Wednesday, August 15, 2007

The Realities of Working in an Art Studio

TI list member Bruce Hettema is the owner of P&H Creative Group and the author of an article in the current issue of Illustration magazine on the history of his Petaluma, California art studio, which began life in the 1920's in San Francisco as Patterson & Sullivan.

"Pat" (Patterson) and "Sully" (Sullivan) ran a tight ship.

They were two business-minded individiuals who were bottom-line oriented, and they constantly pushed their artists to be more productive.

Stan Galli, who Patterson & Sullivan hired right out of the San Francisco Art Institute in the 1930's, remembers fellow art students warning him against going to work at that studio because it was too commercial. "But I needed a job. I needed to make some money, and they paid $40 a month."

Clyde Seavey (below) was a talented artist at P&S who, in the early 30's, did a series of humorous caricatures of all the P&S artists and a series of cartoons depicting, from the artist's perspective, the grueling existence of a staff artist.

It's an insightful and amusing look at daily life in the agency at that time, which included client demands, creative differences, and squeezing budgets.

You can find the full length version of this article in Illustration magazine #19.


  1. nice illustrations, specially the last one with the “brainstorm” theme :), some kind of illustrators factory



  2. That is certainly the sense you get, isn't it, Pablo? And of course such places are legendary in every city that has a commercial art industry.

    Here in the Toronto market there was a shop that specialized in catalogues and flyers that everyone was afraid to work at. Word was that nobody had ever lasted more than ten years there before getting burned out and having to retire from the business.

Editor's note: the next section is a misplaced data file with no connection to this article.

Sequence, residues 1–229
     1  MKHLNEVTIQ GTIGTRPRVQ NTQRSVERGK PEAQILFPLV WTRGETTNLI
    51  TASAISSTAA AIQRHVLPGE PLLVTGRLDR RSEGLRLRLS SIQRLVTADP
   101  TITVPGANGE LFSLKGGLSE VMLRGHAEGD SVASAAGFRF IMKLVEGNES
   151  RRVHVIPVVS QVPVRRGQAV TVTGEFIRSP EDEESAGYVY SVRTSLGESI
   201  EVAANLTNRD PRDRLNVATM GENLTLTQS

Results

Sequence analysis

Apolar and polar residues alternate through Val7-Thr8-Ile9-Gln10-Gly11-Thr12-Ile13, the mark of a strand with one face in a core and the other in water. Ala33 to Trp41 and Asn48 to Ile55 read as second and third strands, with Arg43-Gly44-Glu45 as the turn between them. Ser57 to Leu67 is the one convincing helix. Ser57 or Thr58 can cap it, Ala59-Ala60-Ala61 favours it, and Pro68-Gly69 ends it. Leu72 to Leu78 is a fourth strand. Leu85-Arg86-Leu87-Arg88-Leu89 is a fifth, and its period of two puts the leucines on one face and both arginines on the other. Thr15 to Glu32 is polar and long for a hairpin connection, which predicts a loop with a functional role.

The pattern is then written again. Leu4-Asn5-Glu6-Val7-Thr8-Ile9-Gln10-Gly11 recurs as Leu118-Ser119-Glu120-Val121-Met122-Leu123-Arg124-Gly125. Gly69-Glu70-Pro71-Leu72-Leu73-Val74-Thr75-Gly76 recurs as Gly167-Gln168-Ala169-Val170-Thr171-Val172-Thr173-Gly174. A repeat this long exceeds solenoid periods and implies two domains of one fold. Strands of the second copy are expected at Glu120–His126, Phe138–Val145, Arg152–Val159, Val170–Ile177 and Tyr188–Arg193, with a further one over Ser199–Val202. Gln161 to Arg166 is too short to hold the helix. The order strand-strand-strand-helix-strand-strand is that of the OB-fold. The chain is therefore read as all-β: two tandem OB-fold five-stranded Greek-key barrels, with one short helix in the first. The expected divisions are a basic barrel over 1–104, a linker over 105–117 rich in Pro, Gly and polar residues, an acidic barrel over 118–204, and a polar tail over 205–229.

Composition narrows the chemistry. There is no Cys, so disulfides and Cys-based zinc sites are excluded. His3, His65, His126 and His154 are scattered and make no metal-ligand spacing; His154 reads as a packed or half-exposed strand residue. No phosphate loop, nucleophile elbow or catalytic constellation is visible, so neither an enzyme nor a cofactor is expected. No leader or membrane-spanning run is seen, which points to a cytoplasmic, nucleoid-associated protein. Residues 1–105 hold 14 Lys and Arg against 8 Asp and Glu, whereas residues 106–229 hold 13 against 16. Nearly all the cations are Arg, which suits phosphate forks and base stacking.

Probably a slight exaggeration...


  3. Anonymous4:36 PM

    Thank you, Bruce, for your fine article about Patterson and Hall (nee Sullivan). I particularly enjoyed Seavey's wonderfuly designed cartoons and caricatures today. They are delightful and they also provide a social commentary on the times.
    Notice that all of the illustrators are male. It's also surprising that they are all right handed. Perhaps Seavey took artistic liberties for the sake of composition.

    Barbara B

  4. mark harris9:07 AM

    Eek, those illustrations make me break into a cold sweat!
    Must be the PTSD...

  5. I have one of those caricatures,27x17, done in oil, and I'm wondering what it's worth.

  6. byjane;

    I suggest you contact Bruce Hettema about it at his email address:

    Bruce is the current owner of the company for which the artist worked and may be interested in purchasing your original. Other than that, he may have more information about the artist for you.